Factors controlling Hadley circulation changes from the Last Glacial Maximum to the end of the 21st century

Roberta D'Agostino*, Piero Lionello, Ori Adam, Tapio Schneider

*Corresponding author for this work

Research output: Contribution to journalArticlepeer-review

27 Scopus citations


The Hadley circulation (HC) extent and strength are analyzed in a wide range of simulated climates from the Last Glacial Maximum to global warming scenarios. Motivated by HC theories, we analyze how the HC is influenced by the subtropical stability, the near-surface meridional potential temperature gradient, and the tropical tropopause level. The subtropical static stability accounts for the bulk of the HC changes across the simulations. However, since it correlates strongly with global mean surface temperature, most HC changes can be attributed to global mean surface temperature changes. The HC widens as the climate warms, and it also weakens, but only robustly so in the Northern Hemisphere. On the other hand, the Southern Hemisphere strength response is uncertain, in part because subtropical static stability changes counteract meridional potential temperature gradient changes to various degrees in different models, with no consensus on the response of the latter to global warming.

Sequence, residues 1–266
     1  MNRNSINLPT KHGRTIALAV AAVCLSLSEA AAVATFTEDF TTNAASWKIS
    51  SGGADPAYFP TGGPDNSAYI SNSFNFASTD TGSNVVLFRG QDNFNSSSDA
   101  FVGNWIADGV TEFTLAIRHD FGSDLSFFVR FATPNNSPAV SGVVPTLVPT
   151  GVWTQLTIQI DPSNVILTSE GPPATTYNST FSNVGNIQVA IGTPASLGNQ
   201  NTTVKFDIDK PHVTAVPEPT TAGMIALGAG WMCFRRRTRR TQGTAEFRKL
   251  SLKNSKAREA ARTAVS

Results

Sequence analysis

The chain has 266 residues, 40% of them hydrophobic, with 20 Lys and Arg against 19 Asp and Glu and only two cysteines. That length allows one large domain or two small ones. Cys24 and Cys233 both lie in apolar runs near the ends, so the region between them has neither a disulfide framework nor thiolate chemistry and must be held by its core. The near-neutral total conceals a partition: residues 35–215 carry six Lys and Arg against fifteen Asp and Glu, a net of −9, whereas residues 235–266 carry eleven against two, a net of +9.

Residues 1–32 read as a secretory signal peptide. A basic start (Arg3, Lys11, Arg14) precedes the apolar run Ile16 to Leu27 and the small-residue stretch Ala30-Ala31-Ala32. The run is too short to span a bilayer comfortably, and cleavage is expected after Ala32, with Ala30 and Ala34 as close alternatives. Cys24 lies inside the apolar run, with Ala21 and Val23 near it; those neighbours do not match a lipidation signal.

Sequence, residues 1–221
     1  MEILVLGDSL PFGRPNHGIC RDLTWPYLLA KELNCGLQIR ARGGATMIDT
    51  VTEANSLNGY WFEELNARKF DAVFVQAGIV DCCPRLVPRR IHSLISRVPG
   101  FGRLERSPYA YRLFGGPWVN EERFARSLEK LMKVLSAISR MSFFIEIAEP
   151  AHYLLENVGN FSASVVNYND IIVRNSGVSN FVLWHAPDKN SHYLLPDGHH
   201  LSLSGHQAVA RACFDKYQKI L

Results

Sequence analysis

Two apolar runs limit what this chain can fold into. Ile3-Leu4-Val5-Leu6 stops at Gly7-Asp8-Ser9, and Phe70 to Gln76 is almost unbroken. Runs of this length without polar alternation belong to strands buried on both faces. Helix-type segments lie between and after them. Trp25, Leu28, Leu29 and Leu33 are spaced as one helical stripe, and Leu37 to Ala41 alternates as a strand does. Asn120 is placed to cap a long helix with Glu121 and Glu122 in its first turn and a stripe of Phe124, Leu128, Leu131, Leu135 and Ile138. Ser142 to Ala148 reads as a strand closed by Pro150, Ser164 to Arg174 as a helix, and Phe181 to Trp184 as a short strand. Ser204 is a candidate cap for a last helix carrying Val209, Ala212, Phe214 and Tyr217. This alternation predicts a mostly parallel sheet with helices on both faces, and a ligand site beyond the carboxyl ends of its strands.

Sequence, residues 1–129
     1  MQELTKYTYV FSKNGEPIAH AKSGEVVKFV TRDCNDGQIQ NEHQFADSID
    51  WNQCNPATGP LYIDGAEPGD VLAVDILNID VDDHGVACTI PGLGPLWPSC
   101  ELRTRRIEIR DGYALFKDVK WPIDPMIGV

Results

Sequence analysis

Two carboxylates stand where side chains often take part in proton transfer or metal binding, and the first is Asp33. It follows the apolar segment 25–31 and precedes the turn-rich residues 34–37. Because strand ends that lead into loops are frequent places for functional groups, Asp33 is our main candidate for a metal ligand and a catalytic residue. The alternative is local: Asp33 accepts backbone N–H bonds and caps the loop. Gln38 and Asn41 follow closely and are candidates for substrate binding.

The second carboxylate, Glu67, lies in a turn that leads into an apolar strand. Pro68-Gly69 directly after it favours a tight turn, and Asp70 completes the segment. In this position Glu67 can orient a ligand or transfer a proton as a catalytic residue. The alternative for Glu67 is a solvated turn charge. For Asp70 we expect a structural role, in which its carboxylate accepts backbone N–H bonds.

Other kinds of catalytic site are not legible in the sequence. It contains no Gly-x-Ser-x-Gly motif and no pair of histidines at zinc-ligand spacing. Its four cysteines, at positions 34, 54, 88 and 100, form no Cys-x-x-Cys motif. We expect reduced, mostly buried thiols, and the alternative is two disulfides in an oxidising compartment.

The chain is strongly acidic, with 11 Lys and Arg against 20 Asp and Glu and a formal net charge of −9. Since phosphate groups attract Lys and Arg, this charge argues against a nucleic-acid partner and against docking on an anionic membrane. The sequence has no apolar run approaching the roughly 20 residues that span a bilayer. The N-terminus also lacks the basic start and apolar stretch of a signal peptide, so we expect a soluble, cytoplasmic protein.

Original languageAmerican English
Pages (from-to)8585-8591
Number of pages7
JournalGeophysical Research Letters
Issue number16
StatePublished - 28 Aug 2017

Bibliographical note

Funding Information:
This study has been funded by University of Salento, joined by CMCC within the PhD school in Ecology and Climate Change and by the JPI Climate-Belmont Forum project “PaCMEDy” (http://www.jpi-climate.eu/ 2015projects/pacmedy). The CMIP5 and PMIP3 data have been analyzed using GOAT (Geophysical Observations Analysis Tool, www.goat-geo.org).

Publisher Copyright:
©2017. American Geophysical Union. All Rights Reserved.


  • Hadley circulation
  • PMIP3-CMIP5 climate models
  • climate change


Dive into the research topics of 'Factors controlling Hadley circulation changes from the Last Glacial Maximum to the end of the 21st century'. Together they form a unique fingerprint.

Cite this